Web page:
In a particularly spiky moment in Tuesday night’s debate, US presidential candidates Barack Obama and Mitt Romney sparred on the September 11, 2012, Benghazi attack, sparking a rebuttal by the moderator and some rule-breaking applause.
Everyone knew it was coming.
The spin ahead of Tuesday night’s US presidential debate foreshadowed a likely wrangle between the two candidates on the September 11, 2012, attack that killed the US ambassador to Libya and three other Americans.
True to expectations, the Benghazi attack emerged as one of the testier moments in an already feisty debate, one that had the candidates verbally sparring and even drew the moderator to rebuff an assertion - an unusual intervention in US presidential debates.
The moment came toward the second half of the debate, shortly after US President Barack Obama, while responding to a question, noted that the day after the attack, he “told the American people and the world that we are going to find out exactly what happened, that this was an act of terror”.
When Republican candidate Mitt Romney was given a chance to respond – “just quickly” as the moderator, CNN’s Candy Crawley, put it – he repeatedly, and theatrically, asked Obama if he recognised it as an “act of terror”. A visibly irritated US president replied “please proceed” – twice.
'Can you say that a little louder, Candy?'
But when Romney told the audience that Obama took “14 days before he called the attack in Benghazi an act of terror,” the reaction from his Democratic rival was swift.
“Get the transcript,” jabbed back Obama.
At which point, Crawley – a veteran US political correspondent – said to Romney, “He did in fact, sir,” said Crawley. “He did call it an act of terror”.
Her interjection drew laughter and applause from the audience – in violation of debate rules.
“Can you say that a little louder, Candy?” shot back the US president to more laughter from the audience.
On eve of debate, Clinton attempts damage control
But there was very little hilarity between the two US presidential candidates on the subject of the attack in Benghazi that killed Ambassador J. Christopher Stevens and three other Americans.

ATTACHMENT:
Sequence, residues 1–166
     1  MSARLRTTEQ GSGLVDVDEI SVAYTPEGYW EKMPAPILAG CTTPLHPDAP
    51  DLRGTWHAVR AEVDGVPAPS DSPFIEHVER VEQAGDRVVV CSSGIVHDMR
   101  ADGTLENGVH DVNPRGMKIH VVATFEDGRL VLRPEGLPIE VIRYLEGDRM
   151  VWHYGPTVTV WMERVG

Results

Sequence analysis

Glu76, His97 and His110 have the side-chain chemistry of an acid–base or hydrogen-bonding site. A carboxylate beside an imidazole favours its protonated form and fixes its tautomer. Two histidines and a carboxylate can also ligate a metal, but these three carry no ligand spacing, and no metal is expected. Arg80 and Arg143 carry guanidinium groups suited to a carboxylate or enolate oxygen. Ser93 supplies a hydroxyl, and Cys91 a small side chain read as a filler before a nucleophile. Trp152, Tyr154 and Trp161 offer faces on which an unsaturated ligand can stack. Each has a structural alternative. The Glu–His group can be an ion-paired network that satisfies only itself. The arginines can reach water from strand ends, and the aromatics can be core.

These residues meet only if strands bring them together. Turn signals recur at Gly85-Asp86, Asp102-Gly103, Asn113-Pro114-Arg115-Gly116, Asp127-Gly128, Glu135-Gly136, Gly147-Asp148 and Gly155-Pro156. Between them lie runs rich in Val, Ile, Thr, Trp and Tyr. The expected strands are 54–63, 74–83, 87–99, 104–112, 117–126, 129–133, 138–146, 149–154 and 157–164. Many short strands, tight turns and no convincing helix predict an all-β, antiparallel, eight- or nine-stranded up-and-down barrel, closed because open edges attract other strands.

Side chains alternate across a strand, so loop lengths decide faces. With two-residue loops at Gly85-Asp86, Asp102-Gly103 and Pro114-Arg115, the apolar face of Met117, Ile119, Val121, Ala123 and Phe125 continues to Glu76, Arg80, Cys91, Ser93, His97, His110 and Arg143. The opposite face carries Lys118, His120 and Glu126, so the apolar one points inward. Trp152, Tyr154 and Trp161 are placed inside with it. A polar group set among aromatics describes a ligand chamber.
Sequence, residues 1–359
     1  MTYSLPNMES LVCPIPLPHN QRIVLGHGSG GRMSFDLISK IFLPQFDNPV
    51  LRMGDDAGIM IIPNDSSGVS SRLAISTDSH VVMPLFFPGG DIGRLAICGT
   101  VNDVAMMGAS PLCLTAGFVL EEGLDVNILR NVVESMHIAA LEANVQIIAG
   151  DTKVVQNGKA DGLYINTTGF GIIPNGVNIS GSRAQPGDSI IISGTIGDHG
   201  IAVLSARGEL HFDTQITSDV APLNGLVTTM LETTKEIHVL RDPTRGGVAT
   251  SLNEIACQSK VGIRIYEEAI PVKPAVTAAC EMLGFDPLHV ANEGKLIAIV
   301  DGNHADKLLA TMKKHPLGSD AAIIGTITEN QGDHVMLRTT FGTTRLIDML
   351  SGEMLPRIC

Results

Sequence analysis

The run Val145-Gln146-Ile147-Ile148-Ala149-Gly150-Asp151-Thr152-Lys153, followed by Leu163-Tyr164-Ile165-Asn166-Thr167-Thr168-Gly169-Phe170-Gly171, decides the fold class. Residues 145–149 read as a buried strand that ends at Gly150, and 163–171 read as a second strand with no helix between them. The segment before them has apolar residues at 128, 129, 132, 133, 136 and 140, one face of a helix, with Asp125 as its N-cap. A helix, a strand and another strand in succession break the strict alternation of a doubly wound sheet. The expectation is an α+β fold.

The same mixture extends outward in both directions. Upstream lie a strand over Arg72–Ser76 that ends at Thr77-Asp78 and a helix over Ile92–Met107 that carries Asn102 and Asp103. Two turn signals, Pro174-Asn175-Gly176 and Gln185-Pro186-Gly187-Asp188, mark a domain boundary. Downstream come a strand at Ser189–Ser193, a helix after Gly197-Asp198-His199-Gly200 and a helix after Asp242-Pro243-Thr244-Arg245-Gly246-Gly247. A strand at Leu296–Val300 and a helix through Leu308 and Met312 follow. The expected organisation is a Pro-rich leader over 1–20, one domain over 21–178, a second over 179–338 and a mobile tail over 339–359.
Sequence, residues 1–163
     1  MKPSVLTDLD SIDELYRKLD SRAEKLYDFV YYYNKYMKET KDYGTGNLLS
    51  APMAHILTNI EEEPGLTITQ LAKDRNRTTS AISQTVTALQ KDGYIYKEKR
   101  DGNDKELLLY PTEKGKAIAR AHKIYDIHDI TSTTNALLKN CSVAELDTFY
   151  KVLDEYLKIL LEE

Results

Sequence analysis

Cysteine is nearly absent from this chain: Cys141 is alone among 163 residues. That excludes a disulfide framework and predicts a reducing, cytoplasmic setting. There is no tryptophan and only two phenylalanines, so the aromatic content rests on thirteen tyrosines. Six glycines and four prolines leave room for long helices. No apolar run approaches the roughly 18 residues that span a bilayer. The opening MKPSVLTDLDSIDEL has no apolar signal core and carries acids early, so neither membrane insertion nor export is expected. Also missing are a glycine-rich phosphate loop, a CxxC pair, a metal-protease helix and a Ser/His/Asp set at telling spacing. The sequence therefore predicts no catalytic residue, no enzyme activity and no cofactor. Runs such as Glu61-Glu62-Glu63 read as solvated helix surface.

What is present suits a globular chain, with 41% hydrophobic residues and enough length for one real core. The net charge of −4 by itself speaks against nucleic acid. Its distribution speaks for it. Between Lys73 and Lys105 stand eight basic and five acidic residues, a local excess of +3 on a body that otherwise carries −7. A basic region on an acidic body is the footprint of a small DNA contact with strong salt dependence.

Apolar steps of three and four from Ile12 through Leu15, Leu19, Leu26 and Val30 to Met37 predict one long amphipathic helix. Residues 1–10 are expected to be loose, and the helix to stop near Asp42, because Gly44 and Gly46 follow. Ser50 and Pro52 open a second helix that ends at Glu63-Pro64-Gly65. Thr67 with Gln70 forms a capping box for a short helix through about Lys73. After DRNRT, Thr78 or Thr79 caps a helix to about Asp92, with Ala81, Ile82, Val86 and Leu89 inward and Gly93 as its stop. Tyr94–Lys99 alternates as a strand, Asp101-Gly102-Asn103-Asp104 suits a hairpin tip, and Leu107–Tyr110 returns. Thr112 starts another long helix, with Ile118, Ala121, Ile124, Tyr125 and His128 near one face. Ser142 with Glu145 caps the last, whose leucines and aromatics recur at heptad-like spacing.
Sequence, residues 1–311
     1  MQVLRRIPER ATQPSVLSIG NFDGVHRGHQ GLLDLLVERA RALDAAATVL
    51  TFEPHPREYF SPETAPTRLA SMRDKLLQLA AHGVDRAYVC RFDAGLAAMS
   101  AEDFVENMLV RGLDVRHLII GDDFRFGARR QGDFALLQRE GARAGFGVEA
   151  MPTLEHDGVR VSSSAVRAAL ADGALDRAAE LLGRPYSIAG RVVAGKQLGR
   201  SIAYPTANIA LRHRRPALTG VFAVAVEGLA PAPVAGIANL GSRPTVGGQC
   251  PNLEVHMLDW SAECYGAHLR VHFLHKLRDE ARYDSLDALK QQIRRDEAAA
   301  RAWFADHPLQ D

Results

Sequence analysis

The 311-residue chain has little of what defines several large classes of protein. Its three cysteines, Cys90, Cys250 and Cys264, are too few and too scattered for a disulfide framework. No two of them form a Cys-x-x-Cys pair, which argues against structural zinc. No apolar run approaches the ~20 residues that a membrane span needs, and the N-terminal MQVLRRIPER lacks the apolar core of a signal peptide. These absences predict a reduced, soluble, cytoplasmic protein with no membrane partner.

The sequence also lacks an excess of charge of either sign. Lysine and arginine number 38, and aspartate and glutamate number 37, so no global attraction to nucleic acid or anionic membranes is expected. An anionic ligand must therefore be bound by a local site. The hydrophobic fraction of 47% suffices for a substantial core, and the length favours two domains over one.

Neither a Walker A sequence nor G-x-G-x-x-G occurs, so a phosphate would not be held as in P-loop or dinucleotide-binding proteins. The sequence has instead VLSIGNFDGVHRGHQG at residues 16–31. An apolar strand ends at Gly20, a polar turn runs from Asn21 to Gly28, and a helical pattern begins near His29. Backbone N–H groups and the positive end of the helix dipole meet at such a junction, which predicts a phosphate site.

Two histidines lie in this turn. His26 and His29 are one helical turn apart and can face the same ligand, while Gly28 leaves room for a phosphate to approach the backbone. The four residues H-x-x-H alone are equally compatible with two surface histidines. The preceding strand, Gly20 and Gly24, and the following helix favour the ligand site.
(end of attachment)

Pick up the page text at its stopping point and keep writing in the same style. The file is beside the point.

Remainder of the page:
A day before the debate, US Secretary of State Hillary Clinton took responsibility for the attack in what was widely viewed as an attempt to cushion her boss from a blow that was expected at Tuesday’s debate.
“I'm in charge of the State Department's 60,000-plus people all over the world," said Clinton in an interview with CNN. “The president and the vice president wouldn't be knowledgeable about specific decisions that are made by security professionals.”
Following Obama’s lacklustre performance in the first debate, Republicans had focused on the Benghazi attack in an attempt to puncture Obama’s security and foreign policy credentials.
As US intelligence agencies continue to investigate the attack, there have been often conflicting reports on the causes and the nature of the attack.
Initial reports suggested the attack was a spontaneous response to an anti-Islam video produced by the Egyptian immigrant in the US. But subsequent reports, based on testimonies by Libyan witnesses and militia officials, have suggested the attack by Islamist militants in the eastern Libyan city could have been premeditated.
Obama plays commander-in-chief, wins the round
Tuesday night’s tete-a-tete was a display of how election year stakes have overshadowed the nuances of a complicated situation on the ground in a country beset with enormous security risks.
Reporting from New York shortly after the debate, FRANCE 24’s Nathan King called the exchange on the Benghazi attack “a classic example of how this debate played out tonight.”
King – like many commentators and pundits – believed that on this one, Obama won the round. “He had the high ground – and he took it. He is the president and he could say to the contender, you’re playing politics with this, while in the White House of course you never play politics with this sort of stuff,” said King.
Although the Benghazi attack provided some of the more memorable contentious moments, it was not a major issue in Tuesday’s debate, which focused on domestic issues.
But it is likely to dominate the third and final US presidential debate, scheduled for October 22, which will focus on foreign policy. Expect more testy moments to come.
Date created : 2012-10-17